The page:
The ideology of post-industrial societies has heavily relied on the idea that everyone can make it, that success is just a matter of right choices and that one is individually guilty for one’s failures. In a paradoxical way, the poor have identified with this ideology of choice. In the last years, however, we have witnessed eruptions of violence (London riots, for example) where we do not see a critique of the dominant ideology but rather an intense identification with the ideals of consumerist society. The lecture looks at how a paradoxical form of complementarity is emerging between the rich and the poor through new types of identifications and how both violence and denial are essential supports of these identifications.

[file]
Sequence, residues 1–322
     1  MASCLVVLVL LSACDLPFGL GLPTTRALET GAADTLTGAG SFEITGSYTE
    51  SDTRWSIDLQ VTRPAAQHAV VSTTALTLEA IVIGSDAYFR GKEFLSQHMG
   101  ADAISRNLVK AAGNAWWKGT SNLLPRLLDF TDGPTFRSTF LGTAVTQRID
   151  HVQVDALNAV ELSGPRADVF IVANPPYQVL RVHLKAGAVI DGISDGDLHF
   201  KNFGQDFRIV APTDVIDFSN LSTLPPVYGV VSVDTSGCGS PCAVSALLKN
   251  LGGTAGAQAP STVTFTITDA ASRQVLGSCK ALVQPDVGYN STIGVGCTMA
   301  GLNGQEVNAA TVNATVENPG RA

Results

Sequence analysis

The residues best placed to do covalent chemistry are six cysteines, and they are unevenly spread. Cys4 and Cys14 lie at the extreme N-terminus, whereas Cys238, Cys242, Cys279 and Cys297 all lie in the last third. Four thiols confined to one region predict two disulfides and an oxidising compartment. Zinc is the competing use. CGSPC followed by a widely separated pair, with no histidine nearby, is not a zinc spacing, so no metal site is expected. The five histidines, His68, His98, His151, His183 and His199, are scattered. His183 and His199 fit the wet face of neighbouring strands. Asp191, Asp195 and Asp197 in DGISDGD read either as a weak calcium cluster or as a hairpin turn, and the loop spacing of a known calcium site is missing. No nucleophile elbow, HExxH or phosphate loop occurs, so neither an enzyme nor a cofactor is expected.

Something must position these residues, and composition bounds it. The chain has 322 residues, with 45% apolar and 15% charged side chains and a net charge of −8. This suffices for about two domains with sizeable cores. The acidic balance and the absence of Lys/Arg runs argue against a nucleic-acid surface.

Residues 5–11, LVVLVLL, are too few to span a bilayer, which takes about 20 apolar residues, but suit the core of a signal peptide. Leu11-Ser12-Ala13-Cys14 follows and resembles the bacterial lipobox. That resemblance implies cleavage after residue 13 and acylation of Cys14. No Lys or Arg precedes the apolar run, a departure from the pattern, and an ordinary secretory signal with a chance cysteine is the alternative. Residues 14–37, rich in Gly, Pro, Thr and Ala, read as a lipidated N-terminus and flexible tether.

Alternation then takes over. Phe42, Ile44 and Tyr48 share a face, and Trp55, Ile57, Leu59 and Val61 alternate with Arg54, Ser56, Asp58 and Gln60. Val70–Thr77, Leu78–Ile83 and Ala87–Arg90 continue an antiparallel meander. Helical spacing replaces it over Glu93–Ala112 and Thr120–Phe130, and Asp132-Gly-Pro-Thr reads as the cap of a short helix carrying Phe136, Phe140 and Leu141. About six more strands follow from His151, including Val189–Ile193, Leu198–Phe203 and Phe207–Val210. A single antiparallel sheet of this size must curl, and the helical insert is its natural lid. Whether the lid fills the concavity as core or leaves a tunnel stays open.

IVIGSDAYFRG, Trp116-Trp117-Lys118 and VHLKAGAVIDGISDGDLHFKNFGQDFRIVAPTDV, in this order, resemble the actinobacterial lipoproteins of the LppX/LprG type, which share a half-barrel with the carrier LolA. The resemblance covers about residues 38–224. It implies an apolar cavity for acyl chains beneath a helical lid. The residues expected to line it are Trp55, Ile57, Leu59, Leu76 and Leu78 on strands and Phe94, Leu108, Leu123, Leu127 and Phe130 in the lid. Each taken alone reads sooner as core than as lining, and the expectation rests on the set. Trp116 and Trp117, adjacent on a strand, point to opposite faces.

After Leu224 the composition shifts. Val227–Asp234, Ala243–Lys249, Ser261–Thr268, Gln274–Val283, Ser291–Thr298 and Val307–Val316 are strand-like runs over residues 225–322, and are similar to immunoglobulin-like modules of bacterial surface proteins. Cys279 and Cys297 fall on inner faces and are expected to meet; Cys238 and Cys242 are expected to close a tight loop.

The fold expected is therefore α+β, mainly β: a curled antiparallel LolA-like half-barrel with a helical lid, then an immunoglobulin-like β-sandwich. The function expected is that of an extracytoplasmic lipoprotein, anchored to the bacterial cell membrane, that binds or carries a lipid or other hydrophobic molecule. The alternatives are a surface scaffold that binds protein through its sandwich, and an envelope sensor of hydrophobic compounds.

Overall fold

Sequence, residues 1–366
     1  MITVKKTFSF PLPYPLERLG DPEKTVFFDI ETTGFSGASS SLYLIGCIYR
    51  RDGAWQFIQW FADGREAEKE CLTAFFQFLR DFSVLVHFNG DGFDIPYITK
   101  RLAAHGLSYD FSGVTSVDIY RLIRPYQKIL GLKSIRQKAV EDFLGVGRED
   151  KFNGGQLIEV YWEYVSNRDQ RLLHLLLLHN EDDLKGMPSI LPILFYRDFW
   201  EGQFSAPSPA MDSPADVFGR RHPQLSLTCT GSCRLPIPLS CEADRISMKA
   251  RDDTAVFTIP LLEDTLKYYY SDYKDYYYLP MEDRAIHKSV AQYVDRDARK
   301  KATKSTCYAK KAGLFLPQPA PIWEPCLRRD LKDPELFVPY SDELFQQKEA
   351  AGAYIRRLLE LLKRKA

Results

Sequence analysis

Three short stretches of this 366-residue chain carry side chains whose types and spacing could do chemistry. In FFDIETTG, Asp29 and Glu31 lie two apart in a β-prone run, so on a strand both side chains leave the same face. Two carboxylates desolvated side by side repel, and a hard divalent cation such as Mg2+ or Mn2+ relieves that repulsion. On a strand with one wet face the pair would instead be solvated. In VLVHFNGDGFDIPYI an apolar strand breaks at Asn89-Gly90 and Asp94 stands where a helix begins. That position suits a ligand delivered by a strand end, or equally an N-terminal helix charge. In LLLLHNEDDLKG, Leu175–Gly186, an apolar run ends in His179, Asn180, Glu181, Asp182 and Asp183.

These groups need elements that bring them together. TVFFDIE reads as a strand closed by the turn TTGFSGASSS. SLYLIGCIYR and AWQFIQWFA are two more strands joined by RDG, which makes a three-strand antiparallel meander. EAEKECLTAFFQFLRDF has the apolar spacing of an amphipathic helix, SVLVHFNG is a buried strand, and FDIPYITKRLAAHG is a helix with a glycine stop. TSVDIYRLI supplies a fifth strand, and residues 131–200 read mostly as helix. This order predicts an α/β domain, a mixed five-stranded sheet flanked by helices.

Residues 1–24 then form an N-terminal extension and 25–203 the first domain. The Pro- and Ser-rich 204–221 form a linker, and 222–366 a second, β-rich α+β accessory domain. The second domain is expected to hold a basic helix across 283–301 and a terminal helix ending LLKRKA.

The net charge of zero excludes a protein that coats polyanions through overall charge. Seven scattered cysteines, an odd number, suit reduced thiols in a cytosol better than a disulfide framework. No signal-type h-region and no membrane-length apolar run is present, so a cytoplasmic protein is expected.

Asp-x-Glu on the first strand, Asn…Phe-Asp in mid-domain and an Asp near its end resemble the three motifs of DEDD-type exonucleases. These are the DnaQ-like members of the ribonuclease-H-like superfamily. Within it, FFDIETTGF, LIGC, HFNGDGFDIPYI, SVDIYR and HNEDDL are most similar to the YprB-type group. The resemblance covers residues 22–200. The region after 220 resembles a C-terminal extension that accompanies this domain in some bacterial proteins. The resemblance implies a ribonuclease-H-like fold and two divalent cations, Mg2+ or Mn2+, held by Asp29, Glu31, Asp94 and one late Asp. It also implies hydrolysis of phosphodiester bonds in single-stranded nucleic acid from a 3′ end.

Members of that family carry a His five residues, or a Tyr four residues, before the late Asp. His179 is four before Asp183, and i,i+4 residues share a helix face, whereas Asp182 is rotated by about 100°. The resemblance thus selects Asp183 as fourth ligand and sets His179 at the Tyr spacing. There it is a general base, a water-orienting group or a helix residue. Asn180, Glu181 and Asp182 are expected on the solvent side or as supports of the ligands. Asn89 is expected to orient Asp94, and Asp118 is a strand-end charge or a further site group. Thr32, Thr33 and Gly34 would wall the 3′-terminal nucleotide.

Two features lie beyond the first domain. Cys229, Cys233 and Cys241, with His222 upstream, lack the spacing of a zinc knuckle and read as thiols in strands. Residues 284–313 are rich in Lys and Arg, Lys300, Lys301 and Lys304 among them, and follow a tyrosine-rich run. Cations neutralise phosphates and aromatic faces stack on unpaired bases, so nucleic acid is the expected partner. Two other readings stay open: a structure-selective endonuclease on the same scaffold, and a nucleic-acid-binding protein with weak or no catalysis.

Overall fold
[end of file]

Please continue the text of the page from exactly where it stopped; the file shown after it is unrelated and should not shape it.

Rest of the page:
Renata Salecl is a philosopher and sociologist. She is Senior Researcher at the Institute of Criminology at the Faculty of Law in Ljubljana, Slovenia and Recurring Visiting Professor at Cardozo School of Law in New York, Birkbeck College in London and the London School of Economics. She was also Fellow of Wissenschaftskolleg in Berlin and Remarque Fellow at New York University. She is the author of The Spoils of Freedom (Routledge 1994), (Per)versions of Love and Hate (Verso 1998), On Anxiety (Routledge 2004), and Tyranny of Choice (Profile Books 2010). Her books have been translated into ten languages. She is also writing commentaries for the leading daily newspaper Delo in Ljubljana, Slovenia. In 2010, she was named Slovenian Woman Scientist of the Year and in 2011, Slovenian women magazine Ona named her Woman of the Year.
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